Trending News

Building Houston

 
 

With the consumer price index rising 9.1 percent since last year, many Americans are evaluating new employment opportunities with better pay. However, employees would be wise to consider the risks of accepting a new position in the face of inflation and a possible recession, which could leave employers unable to sustain higher wages and generous benefits.

As a safer option in the longterm, employees may wish to ask for a raise from their current management, yet many do not know how to start the conversation. By understanding best practices for negotiations, employees can improve their chances of obtaining a pay raise without undermining relationships.

Understand the risks of job-hopping

Conventional wisdom suggests that job hopping can result in higher salary increases than an annual raise. During the pandemic, many employees took advantage of labor market shortages to secure new positions for higher pay. However, job hopping presents risks, particularly in an uncertain economic environment. Companies may institute “last in, first out” layoffs, leaving recent hires unemployed.

Even in strong economic conditions, job-hoppers face uncertain outcomes. When employees leave a company, they may leave behind teammates, mentors, client partnerships and friendships years in the making. These relationships can redevelop in a new organization, but employees may find themselves in an unfamiliar setting, facing unrealistic expectations or unexpected challenges that were not clear during the interview process.

Prepare ahead of time

Before approaching management with a request for a raise, employees should understand their own financial needs and how much additional compensation would improve their finances. If inflation has caused financial strain, employees should gather recent data on inflation, including the consumer price index, to share with management. The more information employees can offer about changing economic conditions, the more management will understand and accept their position.

Focus on the positive

Employees should begin a conversation about salary with praise for the organization and a reiteration of their commitment to the team. By beginning on a positive note, employees set the tone for a mutually productive conversation. Although employees may view salary negotiations as adversarial across the table, productive negotiations are a conversation with both employee and employer on the same team.

Likewise, while employees may worry about looking greedy, employees should not let that fear prevent them from opening the conversation. Employers also understand that employees work to meet their financial needs. While employers may face budget constraints or other considerations in salary allocation, strong management also recognizes the importance of nurturing growth among employees, both in compensation and job responsibilities.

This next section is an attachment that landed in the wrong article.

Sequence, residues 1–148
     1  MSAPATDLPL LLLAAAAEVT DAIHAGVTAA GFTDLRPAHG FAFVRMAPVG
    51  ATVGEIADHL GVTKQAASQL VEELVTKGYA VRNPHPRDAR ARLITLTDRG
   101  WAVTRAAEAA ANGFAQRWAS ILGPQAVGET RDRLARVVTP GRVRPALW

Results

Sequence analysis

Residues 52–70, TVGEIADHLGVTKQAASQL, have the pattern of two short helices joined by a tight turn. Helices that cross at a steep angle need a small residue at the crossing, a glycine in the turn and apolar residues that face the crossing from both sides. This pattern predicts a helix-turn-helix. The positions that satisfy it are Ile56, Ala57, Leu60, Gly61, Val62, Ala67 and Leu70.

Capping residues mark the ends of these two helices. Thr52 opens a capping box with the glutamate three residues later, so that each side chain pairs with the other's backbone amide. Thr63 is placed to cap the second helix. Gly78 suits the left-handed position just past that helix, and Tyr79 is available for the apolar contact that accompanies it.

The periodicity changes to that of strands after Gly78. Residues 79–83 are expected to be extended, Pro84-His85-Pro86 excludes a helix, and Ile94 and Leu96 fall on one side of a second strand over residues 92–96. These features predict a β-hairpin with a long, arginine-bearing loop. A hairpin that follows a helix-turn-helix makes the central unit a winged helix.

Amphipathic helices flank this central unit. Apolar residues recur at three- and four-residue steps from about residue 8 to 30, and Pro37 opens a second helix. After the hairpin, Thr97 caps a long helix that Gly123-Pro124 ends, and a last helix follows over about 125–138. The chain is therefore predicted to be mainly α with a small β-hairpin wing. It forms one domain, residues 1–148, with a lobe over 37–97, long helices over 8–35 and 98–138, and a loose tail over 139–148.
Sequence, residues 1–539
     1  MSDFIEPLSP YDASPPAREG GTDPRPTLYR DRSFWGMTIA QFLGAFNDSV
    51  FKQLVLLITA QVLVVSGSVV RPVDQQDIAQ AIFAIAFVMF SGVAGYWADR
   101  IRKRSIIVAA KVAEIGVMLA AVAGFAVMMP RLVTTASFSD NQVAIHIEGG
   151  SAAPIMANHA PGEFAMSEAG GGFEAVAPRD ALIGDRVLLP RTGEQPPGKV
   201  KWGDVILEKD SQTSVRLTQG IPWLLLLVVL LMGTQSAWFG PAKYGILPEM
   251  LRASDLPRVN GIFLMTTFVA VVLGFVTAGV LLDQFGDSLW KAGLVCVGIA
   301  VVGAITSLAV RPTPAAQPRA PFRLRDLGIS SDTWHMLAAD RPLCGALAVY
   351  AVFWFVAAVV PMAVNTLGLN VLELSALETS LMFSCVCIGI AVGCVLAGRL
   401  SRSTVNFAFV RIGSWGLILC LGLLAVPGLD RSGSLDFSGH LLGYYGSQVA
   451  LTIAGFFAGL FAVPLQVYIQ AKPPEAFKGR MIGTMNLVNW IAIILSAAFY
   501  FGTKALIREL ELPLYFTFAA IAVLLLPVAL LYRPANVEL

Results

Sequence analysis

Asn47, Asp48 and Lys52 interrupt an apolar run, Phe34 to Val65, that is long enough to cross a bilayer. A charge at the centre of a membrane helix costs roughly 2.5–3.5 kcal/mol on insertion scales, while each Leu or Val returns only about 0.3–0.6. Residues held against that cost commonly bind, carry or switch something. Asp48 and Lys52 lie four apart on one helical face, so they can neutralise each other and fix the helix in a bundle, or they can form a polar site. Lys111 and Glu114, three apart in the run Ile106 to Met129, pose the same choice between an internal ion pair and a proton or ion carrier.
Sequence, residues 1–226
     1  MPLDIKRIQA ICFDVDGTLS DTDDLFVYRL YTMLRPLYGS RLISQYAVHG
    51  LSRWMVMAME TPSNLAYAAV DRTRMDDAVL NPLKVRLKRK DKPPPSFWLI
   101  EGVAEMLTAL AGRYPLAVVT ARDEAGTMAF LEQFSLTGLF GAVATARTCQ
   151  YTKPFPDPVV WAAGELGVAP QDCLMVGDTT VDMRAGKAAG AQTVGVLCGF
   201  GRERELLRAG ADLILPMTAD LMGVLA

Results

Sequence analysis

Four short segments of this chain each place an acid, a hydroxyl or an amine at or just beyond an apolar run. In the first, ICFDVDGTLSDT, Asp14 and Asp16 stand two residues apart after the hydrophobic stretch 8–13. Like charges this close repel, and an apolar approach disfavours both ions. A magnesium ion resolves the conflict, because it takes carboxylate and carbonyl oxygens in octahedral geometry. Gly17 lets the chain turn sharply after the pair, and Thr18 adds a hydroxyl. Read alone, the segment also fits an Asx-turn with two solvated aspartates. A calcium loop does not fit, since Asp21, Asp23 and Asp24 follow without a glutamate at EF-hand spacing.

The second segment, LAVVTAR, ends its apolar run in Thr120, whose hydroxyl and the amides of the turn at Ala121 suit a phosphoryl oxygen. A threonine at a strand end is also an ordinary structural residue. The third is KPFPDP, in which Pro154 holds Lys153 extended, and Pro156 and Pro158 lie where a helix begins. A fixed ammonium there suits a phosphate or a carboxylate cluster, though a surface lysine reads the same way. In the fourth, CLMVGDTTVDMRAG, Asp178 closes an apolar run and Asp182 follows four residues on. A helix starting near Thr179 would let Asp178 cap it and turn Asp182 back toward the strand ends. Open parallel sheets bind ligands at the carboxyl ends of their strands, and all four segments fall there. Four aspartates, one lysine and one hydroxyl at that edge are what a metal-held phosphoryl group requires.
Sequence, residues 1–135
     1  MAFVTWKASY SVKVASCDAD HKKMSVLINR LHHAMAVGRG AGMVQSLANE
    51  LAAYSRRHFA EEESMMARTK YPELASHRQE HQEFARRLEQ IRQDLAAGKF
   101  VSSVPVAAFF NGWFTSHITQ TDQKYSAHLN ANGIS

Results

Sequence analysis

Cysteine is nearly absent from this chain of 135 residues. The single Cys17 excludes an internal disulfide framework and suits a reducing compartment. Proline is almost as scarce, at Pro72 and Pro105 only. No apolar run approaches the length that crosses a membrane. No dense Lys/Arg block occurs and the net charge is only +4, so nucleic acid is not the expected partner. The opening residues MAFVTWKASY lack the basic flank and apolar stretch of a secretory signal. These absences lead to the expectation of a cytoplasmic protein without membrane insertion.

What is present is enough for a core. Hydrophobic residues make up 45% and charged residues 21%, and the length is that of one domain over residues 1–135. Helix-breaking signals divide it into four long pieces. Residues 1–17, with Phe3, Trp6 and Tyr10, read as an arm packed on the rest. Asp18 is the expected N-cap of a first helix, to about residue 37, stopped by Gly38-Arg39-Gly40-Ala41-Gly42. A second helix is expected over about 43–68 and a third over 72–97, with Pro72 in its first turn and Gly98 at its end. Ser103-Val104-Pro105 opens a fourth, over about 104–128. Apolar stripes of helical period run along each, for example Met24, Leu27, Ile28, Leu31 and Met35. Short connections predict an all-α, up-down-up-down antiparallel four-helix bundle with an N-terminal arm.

Nonetheless, employees should focus the discussion on broader economic conditions like inflation, not on their personal budget items. By acknowledging the economic environment outside of the employer’s control, employees can then respectfully request their salary be adjusted for inflation.

Employees with a record of strong results can also gather data or performance reviews to demonstrate their contributions to the team beyond the expectations of their role. In doing so, employees can frame a salary increase as a celebratory recognition of the mutually successful partnership between employee and employer and an investment in the relationship.

Be flexible if negotiations stall

If employers decline to adjust an employee’s salary for inflation, employees should not give up on negotiating additional compensation or benefits. Rather than a pay raise, employees can ask for reimbursement for gas mileage or additional remote days to cut down on their commutes. If management declines a pay raise based on timing, employees can acknowledge that management may face budgetary constraints, remaining flexible but firm. For instance, a compromise may involve revisiting the discussion in three to six months.

As employees face record-breaking inflation, it remains critical to consider the risks of departing one role for another. By implementing best practices in salary negotiations, employees can secure a salary increase that matches inflation, avoid the uncertainty of job-hopping and invest in the future at their current company.

------

Jill Chapman is a senior performance consultant with Insperity,a leading provider of human resources and business performance solutions.

Trending News